The Harrisburg school district recovery team needs to reconstruct much of the district’s key financial data, as critical financial records have gone missing and existing data can’t be trusted, officials said today.
Dr. John J. George, the financial recovery plan service director, said that numerous computers containing key financial data are missing from the district’s financial office. In addition, those records were not backed up, as they should have been, resulting in substantial information gaps, he said.
“I know that the records are missing,” said George, following a press conference that introduced key members of receiver Dr. Janet Samuels’ new leadership team. “I don’t know why they’re missing or how they’re missing.”
The missing computers were only discovered yesterday, the first day on the job for the team, George said. Samuels dismissed the district’s top officials, including former Superintendent Sybil Knight-Burney, effective Sunday, June 30.
George declined to say whether law enforcement had been contacted, nor would he say exactly what types of records are missing, other than that they are “certain key financial records.”
But he did say that the missing records pose a significant problem trying to understand the district’s current financial state.
“These are financial records that are important to the operation of the Harrisburg school district and that seem to be no longer there,” said George, who is the executive director of the Montgomery County Intermediate Unit, one of 29 “intermediate units” that offer educational services to local school districts.
The Harrisburg school district uses a web-based financial management software system called eFinance. However, the missing records also were not included in that system, George said.
Moreover, George said that he had little confidence in the accuracy of the data that is in the system.
“We have to rebuild the financial system immediately,” he said. “Right now, we have little confidence in any of the dollar figures available to us. That’s not a good position to be in.”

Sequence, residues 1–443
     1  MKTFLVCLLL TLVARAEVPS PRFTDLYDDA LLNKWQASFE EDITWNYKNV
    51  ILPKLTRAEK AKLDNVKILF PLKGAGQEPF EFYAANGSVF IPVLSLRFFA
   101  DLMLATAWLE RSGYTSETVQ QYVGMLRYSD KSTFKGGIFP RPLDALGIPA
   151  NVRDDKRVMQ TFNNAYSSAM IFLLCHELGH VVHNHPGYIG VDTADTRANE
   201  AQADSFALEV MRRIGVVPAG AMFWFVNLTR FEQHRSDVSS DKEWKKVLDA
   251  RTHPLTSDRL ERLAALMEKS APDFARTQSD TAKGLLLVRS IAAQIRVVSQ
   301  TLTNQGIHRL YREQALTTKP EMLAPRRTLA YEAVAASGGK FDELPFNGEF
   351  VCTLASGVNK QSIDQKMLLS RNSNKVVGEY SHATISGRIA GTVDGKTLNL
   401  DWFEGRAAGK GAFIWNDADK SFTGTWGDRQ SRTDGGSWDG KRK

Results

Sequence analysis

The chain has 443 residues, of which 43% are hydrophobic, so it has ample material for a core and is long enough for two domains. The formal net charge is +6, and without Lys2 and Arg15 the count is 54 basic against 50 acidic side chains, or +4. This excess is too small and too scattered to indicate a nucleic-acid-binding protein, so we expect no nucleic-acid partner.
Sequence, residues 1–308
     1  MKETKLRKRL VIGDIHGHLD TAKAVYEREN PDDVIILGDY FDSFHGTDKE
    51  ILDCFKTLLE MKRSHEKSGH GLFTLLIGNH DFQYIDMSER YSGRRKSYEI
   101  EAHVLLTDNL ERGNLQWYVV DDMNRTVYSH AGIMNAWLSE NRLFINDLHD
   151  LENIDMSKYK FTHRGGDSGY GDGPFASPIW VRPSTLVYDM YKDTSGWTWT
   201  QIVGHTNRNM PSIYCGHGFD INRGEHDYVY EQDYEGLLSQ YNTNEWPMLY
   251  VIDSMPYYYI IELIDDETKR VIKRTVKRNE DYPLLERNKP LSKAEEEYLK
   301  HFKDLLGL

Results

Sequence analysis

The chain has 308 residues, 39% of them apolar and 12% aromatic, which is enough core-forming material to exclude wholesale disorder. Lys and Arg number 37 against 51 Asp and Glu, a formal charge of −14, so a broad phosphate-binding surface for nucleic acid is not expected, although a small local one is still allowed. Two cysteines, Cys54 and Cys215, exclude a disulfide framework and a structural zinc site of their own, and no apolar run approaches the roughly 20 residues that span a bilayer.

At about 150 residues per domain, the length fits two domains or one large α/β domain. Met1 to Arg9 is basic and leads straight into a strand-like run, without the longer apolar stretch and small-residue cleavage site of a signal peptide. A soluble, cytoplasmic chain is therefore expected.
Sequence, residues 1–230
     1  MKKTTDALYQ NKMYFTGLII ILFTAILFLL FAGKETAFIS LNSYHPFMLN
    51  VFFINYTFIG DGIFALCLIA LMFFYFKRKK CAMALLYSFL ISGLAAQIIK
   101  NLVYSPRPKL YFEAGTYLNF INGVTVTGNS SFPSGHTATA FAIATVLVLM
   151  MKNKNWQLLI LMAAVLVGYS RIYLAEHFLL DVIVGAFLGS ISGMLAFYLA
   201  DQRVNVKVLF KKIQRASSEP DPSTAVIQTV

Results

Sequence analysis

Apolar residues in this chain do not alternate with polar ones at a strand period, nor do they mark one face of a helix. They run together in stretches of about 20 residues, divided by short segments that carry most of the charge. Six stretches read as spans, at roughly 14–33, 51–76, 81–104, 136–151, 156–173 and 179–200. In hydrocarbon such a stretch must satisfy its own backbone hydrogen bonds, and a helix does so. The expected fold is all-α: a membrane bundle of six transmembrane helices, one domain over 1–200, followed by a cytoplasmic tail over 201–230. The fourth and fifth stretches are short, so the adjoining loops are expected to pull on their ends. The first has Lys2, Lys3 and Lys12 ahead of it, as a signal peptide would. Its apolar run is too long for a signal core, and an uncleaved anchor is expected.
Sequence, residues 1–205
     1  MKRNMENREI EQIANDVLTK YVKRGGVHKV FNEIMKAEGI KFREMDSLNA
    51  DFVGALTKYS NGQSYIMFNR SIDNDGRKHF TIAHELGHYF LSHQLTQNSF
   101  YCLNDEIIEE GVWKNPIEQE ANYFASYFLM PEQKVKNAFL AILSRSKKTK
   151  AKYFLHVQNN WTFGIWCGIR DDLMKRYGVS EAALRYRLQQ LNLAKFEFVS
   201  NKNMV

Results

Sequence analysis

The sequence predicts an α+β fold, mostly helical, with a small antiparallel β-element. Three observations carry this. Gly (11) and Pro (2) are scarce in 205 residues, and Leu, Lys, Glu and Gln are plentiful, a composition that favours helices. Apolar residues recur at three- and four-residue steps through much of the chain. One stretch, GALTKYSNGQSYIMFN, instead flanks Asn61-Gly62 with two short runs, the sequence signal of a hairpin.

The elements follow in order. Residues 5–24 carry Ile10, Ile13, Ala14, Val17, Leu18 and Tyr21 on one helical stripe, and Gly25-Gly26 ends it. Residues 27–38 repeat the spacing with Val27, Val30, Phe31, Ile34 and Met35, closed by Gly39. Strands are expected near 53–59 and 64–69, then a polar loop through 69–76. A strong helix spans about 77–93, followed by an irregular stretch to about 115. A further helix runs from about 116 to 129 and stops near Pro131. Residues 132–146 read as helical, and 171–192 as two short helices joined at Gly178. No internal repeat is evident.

George said that his team will need to go through the district’s paperwork, “piece by piece and redo those systems.” He estimated that about 10,000 account codes will need to be examined.
“So, we have to go through account code by account code and make sure that expenditures are being properly coded and revenue is being properly recorded so that we have a baseline,” he said. “Our initial analysis, and we’re 24 hours into this right now, is that there are already significant errors in the accounting procedures.”
Under Samuels, the Harrisburg district has entered into a three-year contract with the Montgomery County Intermediate Unit (MCIU) to provide a host of services to the district.
For the most part, team members are replacing the former top district administrators, including the superintendent, the business manager and the human resources manager. Samuels said that the $1.4 million contract with MCIU is $600,000 less than the district was paying the in-house personnel who held those jobs.
Samuels today said that she decided to hire MCIU because of her past experience with George. She credits him for helping to stabilize the finances and improve the operations of the Reading School District.
“This district deserves highly competent, highly credentialed and qualified individuals, and that is exactly what exists within Dr. George,” she said.
George will remain with MCIU and will not be compensated by the Harrisburg district. Chris Celmer, the assistant superintendent for the Reading district, will lead the team on a daily basis as Harrisburg’s chief operating officer.
Like George, Samuels described the current state of the district financially and operationally as woeful.
“Very intentionally, it was looking at some of the failures here in the school district, some of the mismanagement that has taken place over a period of time here in the school district and really determining and deciding what could be done about it,” she said. “The time is now, and we look forward to making a difference.”
George said that, besides the financial aspect, the recovery team will assess the quality of personnel and strive for academic progress.
“It’s going to take time,” he said. “Our contract is for three years. I believe that we can make systemic change in three years.”
“We have no more time to waste,” Samuels said.